(Reuters) – Wall Street firms recorded their best first half in a decade as profits rose 11%, but a slowdown in the global economy and ongoing trade tensions could hit earnings in the second half of 2019, according to a report from the New York State Comptroller.
Even as earnings rose, the amount set aside for compensation declined by almost 1% and bonuses in the second half of 2019 will depend heavily on revenue growth, according to the report.
Profitability in the securities industry has grown for three straight years, but growth in net revenue has slowed, reflecting weakness in certain business activities.
“Volatile markets, global trade tensions, and political turbulence have sown economic anxiety and slowed global economic growth,” state Comptroller Thomas DiNapoli said.
In addition to uncertainty around U.S.-China trade talks, big companies are worried about how Brexit will affect Britain’s standing with the rest of Europe, plus violent protests in Hong Kong and more recent threats from the White House about sanctions against Turkey for its invasion of Syria.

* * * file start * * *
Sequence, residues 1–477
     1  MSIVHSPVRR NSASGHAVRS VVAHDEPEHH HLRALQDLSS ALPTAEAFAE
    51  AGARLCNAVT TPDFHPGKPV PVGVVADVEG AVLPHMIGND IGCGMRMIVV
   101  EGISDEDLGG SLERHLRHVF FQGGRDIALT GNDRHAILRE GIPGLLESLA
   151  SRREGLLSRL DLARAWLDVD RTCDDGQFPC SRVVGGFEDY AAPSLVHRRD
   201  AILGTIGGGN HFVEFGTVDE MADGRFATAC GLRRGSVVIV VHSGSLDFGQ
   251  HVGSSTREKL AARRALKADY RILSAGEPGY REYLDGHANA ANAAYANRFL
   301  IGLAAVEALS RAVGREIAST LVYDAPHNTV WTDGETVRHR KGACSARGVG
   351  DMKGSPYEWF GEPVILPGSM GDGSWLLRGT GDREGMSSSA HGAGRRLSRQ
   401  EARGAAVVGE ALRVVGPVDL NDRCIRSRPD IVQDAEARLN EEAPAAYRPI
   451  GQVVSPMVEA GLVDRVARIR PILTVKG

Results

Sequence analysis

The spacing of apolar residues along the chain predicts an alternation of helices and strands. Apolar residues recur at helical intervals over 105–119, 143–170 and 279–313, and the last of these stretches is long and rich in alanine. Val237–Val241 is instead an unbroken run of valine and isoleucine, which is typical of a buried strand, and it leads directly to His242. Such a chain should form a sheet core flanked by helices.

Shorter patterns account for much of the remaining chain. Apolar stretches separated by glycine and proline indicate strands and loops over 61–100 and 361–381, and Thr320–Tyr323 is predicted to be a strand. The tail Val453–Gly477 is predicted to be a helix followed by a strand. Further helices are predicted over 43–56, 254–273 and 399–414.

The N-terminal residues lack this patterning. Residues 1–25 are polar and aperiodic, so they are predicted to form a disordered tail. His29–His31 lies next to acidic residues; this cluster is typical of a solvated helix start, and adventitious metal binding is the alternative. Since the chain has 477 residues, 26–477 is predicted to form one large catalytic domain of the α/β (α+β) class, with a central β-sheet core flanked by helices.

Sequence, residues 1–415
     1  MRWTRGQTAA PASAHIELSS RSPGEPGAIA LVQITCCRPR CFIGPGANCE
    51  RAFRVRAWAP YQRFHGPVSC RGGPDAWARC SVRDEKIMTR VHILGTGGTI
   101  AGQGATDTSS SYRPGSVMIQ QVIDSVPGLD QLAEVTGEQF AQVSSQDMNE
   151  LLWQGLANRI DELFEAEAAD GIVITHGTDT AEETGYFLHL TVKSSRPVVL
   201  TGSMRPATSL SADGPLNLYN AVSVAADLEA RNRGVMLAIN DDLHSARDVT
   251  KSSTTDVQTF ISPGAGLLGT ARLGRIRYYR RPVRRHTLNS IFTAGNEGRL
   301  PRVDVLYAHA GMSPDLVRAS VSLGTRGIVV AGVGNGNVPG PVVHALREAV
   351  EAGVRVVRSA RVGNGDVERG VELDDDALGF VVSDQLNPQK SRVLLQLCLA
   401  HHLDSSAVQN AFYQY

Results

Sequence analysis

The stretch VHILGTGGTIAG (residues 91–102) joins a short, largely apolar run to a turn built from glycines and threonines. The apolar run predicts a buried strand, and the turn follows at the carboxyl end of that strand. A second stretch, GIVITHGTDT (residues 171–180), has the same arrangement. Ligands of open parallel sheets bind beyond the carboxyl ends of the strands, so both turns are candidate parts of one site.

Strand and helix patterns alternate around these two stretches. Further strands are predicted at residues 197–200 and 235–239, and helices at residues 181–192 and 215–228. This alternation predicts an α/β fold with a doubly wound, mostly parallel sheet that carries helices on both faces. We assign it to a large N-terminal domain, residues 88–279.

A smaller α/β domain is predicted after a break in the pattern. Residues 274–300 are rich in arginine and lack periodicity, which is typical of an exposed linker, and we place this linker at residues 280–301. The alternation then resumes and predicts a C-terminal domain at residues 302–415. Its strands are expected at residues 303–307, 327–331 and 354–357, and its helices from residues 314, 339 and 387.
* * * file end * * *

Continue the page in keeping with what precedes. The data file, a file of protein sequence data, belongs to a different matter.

Third-quarter results from big U.S. banks showed weakness in their market-related businesses. Consumer business, however, remained strong, helping the banks beat market expectations for profit.
The securities industry, which accounts for 17% of New York City’s economy, has added 15,400 jobs in the city in the past five years. However, job gains in the early part of 2019 have been erased in recent months, the report said.
The current economic environment will continue to create challenges for the securities industry, the report added.
(Reporting by C Nivedita in Bengaluru; Editing by Anil D’Silva)